Access to information rights in Scotland: consultation

A consultation on access to information rights in Scotland. This follows the work of the Public Audit and Post-legislative Scrutiny Committee (PAPLS) in the fifth session of the Scottish Parliament, to undertake post-legislative scrutiny of the Freedom of Information (Scotland) Act 2002 (FOISA).

1. Ministerial Foreword

Like most modern democracies, Scotland has a statutory regime to provide people with access to information held by government and public services. In Scotland, this was first given effect by the Freedom of Information (Scotland) Act 2002, passed by the Scottish Parliament with broad based cross party support in the early years of devolution and the Environmental Information (Scotland) Regulations 2004, set under that Act. Both came into force in 2005, so by international standards the access to information rights regime in Scotland is relatively young.

The Parliament made changes to the regime in the Freedom of Information (Amendment) (Scotland) Act 2013, to strengthen the requirement for openness. The legislation allowed us to shorten the time periods after which most of the exemptions within the legislation expire, and strengthened the protections against deliberate concealment of information by removing barriers to prosecution for offences under the legislation.

The Scottish Government welcomed the post-legislative scrutiny of the Act undertaken by the former Public Audit and Post-legislative Scrutiny Committee towards the end of the last session of the Parliament. We agreed that a decade and a half on from the original legislation coming into force, and the 2013 reforms having bedded in, the time was right for a fresh look at how the legislation was working for requesters, for public authorities subject to the legislation and their partners, and as a linchpin of democratic scrutiny in Scotland.

The report on post-legislative scrutiny raised some interesting issues and considerations in regard to the operation of the access to information rights regime. It produced a broad set of recommendations for areas where the Committee itself considered there was a need for further public consultation. The Scottish Government was pleased to agree that there should be a public consultation, to seek views from the wider public on the recommendations of the Committee. I am pleased that we are now able to take forward this consultation to seek those wider views and evidence, taking the Committee's recommendations as the starting point.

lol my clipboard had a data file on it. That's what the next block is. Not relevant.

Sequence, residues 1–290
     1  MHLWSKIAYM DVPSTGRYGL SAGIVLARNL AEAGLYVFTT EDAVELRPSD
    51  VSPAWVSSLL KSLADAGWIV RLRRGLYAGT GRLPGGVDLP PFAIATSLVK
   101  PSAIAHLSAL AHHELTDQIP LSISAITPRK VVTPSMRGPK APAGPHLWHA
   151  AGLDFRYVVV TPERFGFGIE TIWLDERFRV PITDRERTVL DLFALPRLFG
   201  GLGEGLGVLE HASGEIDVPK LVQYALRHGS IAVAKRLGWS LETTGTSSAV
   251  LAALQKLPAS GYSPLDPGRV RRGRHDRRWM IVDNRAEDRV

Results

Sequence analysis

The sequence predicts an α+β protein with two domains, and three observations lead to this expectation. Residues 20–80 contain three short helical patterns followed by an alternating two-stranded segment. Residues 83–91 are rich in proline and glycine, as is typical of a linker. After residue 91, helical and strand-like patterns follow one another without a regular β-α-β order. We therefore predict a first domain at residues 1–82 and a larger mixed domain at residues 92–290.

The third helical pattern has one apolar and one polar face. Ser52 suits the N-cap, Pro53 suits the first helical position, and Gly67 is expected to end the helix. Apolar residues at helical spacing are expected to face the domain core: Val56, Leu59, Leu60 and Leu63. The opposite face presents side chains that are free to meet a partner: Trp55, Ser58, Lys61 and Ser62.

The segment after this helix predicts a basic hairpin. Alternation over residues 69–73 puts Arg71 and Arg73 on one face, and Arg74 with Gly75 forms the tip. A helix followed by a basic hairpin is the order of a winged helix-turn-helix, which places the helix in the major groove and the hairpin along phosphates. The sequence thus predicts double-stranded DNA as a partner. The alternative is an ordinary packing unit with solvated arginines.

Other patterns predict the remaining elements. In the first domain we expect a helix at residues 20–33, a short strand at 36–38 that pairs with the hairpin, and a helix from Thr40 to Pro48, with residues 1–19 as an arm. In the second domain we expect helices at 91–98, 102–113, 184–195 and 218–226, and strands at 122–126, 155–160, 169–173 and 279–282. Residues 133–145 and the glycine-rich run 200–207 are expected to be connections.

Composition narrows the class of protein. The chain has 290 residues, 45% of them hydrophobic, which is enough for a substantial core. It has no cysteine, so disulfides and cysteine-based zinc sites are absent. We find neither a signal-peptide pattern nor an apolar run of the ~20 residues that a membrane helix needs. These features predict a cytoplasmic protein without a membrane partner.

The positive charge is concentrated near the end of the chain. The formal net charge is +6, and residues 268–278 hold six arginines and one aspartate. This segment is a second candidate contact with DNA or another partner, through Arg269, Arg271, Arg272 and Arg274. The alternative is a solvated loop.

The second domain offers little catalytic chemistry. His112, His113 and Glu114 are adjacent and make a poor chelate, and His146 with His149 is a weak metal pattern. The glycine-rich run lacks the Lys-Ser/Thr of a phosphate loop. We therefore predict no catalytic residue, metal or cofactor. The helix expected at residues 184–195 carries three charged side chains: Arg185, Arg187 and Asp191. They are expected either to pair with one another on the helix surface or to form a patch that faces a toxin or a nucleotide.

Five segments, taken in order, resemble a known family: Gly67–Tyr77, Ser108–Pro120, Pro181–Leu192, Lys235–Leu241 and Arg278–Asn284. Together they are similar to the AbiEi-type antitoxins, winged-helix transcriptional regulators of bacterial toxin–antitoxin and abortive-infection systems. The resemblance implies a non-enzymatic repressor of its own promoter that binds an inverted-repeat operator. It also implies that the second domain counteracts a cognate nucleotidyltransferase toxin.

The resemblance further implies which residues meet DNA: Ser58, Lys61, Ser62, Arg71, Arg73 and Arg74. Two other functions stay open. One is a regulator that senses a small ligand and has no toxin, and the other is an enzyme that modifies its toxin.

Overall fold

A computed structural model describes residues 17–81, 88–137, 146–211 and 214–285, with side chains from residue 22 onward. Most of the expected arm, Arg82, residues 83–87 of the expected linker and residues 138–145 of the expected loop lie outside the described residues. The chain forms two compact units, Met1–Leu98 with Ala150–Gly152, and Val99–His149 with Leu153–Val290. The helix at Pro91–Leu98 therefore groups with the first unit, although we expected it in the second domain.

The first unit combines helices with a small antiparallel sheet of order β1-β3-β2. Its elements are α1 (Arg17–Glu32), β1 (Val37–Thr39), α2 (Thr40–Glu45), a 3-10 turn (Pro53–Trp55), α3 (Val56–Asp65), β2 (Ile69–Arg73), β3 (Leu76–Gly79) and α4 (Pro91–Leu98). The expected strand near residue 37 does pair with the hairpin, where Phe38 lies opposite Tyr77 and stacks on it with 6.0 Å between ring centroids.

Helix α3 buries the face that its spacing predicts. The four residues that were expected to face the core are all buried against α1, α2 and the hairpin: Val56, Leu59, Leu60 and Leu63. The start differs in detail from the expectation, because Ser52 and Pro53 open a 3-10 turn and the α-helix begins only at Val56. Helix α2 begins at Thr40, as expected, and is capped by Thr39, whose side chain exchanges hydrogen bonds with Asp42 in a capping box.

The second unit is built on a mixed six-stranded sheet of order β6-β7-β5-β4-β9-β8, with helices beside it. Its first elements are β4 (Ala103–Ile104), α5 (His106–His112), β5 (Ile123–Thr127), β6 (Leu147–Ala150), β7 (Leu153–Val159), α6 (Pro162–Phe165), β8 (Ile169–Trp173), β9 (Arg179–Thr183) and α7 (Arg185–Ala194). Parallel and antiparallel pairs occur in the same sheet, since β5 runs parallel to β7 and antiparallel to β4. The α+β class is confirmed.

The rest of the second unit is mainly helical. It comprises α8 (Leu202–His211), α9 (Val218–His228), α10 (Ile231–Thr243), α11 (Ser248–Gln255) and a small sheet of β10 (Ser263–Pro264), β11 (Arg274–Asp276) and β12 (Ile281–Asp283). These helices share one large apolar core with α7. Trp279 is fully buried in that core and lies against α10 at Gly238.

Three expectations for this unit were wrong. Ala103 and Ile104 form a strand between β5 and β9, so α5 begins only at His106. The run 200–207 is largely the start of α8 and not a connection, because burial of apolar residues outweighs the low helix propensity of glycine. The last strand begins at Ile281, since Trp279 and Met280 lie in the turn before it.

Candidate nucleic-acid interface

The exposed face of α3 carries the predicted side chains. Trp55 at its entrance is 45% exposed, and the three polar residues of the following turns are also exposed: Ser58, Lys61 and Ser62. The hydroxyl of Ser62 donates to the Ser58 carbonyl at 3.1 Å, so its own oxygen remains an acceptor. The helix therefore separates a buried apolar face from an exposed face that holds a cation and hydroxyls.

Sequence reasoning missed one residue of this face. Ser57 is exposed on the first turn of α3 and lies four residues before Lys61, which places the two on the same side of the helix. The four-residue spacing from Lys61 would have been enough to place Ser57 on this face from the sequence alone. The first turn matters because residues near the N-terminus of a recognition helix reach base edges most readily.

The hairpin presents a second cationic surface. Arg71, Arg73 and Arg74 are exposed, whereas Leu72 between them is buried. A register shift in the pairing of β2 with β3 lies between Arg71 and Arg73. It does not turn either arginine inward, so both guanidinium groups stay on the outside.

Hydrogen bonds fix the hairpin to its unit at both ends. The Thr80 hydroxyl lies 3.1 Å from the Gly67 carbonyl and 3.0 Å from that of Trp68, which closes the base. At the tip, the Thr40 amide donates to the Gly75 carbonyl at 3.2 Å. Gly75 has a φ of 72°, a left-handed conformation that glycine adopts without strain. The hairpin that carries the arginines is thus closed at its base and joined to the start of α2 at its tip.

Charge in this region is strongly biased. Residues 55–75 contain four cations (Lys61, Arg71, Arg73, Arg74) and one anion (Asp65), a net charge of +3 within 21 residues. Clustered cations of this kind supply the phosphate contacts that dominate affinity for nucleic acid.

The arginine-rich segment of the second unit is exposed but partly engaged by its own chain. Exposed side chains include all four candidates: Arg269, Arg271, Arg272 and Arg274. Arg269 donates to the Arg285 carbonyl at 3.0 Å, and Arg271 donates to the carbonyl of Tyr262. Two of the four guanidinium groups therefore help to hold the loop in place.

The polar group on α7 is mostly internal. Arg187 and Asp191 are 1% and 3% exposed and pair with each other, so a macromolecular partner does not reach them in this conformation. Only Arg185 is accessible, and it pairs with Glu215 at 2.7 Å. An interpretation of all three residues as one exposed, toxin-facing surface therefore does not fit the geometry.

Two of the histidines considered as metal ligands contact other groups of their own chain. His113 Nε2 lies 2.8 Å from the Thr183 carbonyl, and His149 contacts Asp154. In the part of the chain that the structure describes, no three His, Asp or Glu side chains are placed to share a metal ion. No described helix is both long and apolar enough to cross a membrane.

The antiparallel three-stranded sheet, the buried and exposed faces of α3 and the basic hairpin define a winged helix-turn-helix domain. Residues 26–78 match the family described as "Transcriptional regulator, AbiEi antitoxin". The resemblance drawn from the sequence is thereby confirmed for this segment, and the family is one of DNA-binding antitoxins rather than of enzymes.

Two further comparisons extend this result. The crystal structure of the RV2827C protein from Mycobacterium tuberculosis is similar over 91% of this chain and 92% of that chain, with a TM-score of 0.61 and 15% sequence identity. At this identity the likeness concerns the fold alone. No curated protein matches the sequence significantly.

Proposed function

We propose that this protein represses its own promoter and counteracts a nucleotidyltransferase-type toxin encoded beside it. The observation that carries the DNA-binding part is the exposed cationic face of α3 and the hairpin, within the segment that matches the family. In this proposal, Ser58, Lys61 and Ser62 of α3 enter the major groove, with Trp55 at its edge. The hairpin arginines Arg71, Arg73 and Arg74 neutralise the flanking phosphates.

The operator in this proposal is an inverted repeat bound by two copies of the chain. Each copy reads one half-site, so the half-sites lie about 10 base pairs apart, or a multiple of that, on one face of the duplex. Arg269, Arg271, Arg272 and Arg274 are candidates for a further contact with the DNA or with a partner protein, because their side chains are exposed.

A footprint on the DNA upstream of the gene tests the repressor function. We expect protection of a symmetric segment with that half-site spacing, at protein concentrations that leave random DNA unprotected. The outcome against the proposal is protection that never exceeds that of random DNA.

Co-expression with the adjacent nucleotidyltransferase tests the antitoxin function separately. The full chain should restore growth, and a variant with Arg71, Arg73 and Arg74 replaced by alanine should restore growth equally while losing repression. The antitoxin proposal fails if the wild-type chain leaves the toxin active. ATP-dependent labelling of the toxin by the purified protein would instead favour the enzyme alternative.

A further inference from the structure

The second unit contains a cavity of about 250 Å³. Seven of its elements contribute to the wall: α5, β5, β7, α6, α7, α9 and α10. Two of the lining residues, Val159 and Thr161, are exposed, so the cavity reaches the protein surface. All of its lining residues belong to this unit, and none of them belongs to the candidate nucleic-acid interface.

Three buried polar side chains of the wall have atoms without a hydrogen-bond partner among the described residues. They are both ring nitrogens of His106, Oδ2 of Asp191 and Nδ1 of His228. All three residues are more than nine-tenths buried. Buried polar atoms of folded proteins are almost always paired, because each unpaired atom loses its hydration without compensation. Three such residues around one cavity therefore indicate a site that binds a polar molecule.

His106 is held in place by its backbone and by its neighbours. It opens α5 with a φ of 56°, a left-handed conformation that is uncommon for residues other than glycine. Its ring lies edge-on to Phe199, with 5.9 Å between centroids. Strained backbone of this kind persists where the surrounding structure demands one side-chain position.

The Scottish Government believes the access to information rights framework in Scotland is fundamentally sound but we want to understand in greater depth how it is working for people and organisations in practice. Where there are opportunities to improve the operation of the regime within the existing statutory framework we want to identify and take those opportunities. We also want to gather further evidence and views regarding the need for any changes to the legislation in the future, to ensure it continues to be fit for purpose.

This consultation is intended to gather the views of a wide range of people and organisations in Scotland. I hope that a wide range of individuals and organisations with experience of exercising their rights under the access to information regime will respond to it. These include many civil society organisations, journalists, academics, elected representatives and their researchers as well as many members of the wider public who wish to better understand the information on which decisions by government and public services in Scotland may be based. I hope also that public authorities subject to the legislation will engage with consultation, with a view to how we can all ensure the access to information rights regime in functioning as intended.

I hope that private and third sector organisations who work in partnership with the public sector in Scotland will also engage with this consultation exercise. A key concern of the Committee's report was around whether access to information rights remain effective in relation to services delivered by the partners of public authorities. There was also recognition in the Committee's report of the need to take a considered approach to any changes which might add to the regulatory obligations of businesses and charities in Scotland. My awareness of the need for proportionality of approach is particularly acute in view of the current economic climate and the financial pressures faced by public authorities and their partners. Nevertheless, I am clear in my view that if there are clear and significant gaps in the public's right to access information about key services or the decisions which affect all our lives, these should be addressed.

I am confident that this consultation provides a platform for a productive continuation of the discussion of the issues raised by the post-legislative scrutiny report, and that this exercise will be fruitful in moving forward that discussion. The views and insights we gather through this process will be invaluable in enabling the Scottish Government to develop a considered position on the protection and future development of access to information rights in Scotland.

George Adam MSP

Minister for Parliamentary Business



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